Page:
Kuwait has just held its eleventh parliamentary election since independence in 1961. Though Kuwait is a monarchy, its parliamentary history has not been placid, and the election campaign reflected ongoing tensions between the royal family and segments of the electorate.
Originally scheduled for October 2007, the election was brought forward to break a deadlock between the parliament and the government over the number of electoral districts in the country. Currently, there are 25 constituencies nationwide, but reformers have long argued that a smaller number – each with a larger number of voters – would be less susceptible to manipulation by the political elite.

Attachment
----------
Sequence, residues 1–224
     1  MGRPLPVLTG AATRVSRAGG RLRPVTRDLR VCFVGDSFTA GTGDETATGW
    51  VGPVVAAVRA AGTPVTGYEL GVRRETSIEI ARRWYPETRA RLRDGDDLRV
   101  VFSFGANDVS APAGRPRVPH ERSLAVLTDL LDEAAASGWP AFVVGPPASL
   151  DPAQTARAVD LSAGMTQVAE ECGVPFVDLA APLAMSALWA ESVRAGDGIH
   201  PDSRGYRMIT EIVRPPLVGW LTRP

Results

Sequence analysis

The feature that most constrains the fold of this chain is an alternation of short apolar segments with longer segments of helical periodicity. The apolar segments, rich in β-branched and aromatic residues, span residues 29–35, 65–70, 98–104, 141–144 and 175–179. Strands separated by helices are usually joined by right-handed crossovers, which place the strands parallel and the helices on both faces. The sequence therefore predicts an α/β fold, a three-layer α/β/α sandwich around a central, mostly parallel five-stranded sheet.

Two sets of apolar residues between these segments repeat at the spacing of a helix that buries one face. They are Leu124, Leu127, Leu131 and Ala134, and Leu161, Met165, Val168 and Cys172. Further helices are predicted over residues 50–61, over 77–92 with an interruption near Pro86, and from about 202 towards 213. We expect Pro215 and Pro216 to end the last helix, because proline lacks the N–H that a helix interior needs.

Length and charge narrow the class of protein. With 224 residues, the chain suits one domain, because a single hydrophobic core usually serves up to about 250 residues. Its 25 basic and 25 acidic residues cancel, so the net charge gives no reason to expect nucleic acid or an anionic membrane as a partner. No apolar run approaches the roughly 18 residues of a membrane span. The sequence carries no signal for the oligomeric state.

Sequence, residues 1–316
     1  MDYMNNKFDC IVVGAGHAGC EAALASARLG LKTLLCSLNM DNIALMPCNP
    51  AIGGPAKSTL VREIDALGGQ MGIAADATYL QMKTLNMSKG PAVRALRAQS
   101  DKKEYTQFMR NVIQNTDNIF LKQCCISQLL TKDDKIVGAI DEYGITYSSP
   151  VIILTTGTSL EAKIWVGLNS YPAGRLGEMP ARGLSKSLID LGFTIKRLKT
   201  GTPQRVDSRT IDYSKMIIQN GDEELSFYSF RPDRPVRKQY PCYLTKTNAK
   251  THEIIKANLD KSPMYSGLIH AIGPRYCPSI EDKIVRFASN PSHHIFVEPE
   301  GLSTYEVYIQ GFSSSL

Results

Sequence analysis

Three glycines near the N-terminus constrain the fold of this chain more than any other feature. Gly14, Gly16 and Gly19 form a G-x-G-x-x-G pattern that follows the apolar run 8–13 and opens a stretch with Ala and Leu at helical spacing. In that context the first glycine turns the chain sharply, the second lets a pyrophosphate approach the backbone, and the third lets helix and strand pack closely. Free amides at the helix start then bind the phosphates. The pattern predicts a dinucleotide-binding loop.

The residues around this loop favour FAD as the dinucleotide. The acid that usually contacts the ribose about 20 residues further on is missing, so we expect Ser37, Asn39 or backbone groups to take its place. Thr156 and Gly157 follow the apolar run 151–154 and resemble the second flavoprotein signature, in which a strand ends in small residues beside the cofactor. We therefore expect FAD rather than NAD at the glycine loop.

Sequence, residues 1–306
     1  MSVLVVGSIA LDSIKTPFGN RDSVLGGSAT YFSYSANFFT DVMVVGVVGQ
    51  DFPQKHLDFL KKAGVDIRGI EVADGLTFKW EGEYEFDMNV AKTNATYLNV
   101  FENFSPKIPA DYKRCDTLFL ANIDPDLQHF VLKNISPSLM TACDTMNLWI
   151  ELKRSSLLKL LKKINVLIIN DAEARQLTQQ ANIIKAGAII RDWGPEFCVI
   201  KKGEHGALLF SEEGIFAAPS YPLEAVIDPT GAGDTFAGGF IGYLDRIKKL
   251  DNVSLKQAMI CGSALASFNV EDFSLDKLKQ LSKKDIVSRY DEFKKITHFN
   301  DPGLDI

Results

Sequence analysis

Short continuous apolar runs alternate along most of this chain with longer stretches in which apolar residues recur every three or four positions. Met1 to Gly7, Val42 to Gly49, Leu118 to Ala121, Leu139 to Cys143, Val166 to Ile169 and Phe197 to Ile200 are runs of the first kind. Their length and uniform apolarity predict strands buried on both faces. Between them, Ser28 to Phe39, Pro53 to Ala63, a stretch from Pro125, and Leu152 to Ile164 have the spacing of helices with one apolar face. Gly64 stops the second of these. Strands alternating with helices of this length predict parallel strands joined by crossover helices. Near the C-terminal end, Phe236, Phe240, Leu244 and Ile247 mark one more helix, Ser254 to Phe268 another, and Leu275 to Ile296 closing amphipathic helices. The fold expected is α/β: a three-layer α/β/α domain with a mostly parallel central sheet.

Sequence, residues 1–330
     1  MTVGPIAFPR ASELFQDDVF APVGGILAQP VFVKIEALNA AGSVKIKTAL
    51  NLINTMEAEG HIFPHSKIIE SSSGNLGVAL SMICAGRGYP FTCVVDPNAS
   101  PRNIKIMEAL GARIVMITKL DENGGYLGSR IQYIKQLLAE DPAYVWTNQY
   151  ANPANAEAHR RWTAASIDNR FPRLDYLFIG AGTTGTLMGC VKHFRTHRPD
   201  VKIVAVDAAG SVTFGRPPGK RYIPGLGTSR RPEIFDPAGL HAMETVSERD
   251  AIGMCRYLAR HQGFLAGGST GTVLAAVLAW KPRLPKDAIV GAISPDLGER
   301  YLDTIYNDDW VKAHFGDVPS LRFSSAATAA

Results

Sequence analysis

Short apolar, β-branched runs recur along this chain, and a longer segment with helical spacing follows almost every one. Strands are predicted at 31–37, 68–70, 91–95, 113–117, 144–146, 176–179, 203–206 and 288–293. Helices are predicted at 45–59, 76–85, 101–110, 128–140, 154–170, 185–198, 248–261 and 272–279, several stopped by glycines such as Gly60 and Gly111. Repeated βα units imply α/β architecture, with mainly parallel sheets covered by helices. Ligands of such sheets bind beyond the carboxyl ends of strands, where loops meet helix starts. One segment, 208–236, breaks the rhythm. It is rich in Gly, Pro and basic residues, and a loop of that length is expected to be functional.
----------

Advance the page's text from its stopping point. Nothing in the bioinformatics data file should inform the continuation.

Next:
The 29 members of parliament who support a reduced number of constituencies were unable to agree with the government on a new number. As a result, the issue became the focus of a vigorous campaign by discontented Kuwaitis, who gathered in front of the National Assembly building and in universities to voice their criticisms.
In response, the government removed the redistricting issue from parliament to the constitutional court – an attempt, reformers argued, to hold back change. When three members of parliament sought to question the Prime Minister – their right, under the Kuwaiti constitution – the parliament was dissolved and elections called.